China has turned the dial up another notch to increase pressure on Canada over the dispute involving the arrest of Huawei executive Meng Wanzhou.
Last week, China announced it has asked Canada to suspend exports of all meat products to China after Chinese customs inspectors reported found residue from a restricted feed additive in a shipment of Canadian pork products.
China also said its investigation revealed that the official veterinary health certificates accompanying the pork shipment “were counterfeit” and the number of forged certificates “was up to 188.”
The Chinese embassy said the country’s actions are aimed at protecting Chinese customers, but this appears to be just another step in the pattern of pressure China has been exerting on Canada ever since the arrest of Meng in December.
Since then, China has coincidentally found problems with Canadian canola, and, in April, halted pork imports from two Canadian companies over labelling issues.
In addition, the federal government says 13 Canadians have been detained in China since Meng’s arrest.
On Wednesday, China’s Foreign ministry spokesman told reporters that Canada should “take seriously China’s concerns” and immediately release Meng, the chief financial officer of the technology giant.
The timing suggests a definite connection between the Huawei affair and the suspension of meat shipments.
The economic pain of China’s pressure tactics is considerable.
According to the Canadian Agri-Food Trade Alliance, China is the biggest customer of Canadian canola, buying close to 40 per cent of the crop.
The ripple effects are widespread. Canada’s canola industry employs close to 250,000 people and provides more than $12 billion in wages.
The suspension of Canadian meat exports to China will also have a dramatic impact.
Figures from Agriculture and Agri-Food Canada indicate that 2019 Canadian pork exports to China totalled more than $310 million as of April while Canadian beef and veal exports to that country topped $63 million during the same period.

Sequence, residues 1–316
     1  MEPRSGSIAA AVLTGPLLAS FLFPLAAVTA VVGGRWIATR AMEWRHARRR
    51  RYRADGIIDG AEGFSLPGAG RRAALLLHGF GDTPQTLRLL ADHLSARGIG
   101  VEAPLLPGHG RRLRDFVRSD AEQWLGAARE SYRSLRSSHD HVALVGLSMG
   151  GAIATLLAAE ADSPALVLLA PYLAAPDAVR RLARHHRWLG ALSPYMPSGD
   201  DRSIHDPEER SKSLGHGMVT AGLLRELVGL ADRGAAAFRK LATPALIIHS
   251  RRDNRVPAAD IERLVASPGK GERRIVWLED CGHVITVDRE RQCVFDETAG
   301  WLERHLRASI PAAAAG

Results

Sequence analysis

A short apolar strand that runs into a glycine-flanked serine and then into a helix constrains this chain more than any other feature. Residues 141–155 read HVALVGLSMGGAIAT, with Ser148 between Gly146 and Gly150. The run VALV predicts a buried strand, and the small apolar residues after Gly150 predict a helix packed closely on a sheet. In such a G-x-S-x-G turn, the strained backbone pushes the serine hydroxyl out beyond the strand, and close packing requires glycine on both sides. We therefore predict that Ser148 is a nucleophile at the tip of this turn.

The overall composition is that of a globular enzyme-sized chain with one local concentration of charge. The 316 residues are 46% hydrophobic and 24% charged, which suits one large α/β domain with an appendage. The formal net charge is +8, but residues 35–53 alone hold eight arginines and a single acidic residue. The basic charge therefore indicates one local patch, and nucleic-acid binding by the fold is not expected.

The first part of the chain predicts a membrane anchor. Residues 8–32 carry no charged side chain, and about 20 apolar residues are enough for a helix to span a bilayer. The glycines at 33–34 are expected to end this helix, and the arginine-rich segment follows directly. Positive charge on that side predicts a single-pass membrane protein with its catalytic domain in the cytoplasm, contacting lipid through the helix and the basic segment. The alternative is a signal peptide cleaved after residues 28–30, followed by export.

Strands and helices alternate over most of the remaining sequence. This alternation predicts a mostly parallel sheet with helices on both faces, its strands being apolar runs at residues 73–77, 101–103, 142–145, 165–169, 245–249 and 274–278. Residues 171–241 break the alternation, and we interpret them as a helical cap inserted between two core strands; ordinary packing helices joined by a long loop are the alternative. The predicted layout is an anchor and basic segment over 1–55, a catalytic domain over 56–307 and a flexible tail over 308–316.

Both rank third among Canadian meat export markets behind the U.S. and Japan, so China’s slamming the door on Canada will hit the Canadian meat industry hard.
There are many other areas China can squeeze Canadian business in an effort to force Canada to back down over the Huawei dispute, and it’s to be expected that China will have no qualms about doing so.
If it does, Canadians will feel the pain. Says the Canadian Agri-Food Trade Alliance: “China has become the third-largest destination for agricultural products worldwide and is expected to become the world’s largest agricultural importer by 2020. China will be crucial to Canada’s economic future over the next 50 years. China is, and will remain, Canada’s second-largest national two-way trade partner after the U.S.”
The alliance also notes that “China is also Canada’s second-largest export market, absorbing $4.7 billion of Canadian agriculture and agri-food products in 2014. Unlike many of Canada’s trading partners, exports to China have been climbing steadily and did not fall during the global economic crisis.”
So Canada finds itself in a dilemma.
We can either give in to China’s intimidation tactics and abandon plans to extradite Meng to the U.S. to face fraud charges, or we will continue to suffer the consequences, economic and otherwise.
The situation leaves Prime Minister Justin Trudeau with a difficult decision in the lead-up to October’s federal election.
This editorial originated in the Lethbridge Herald.
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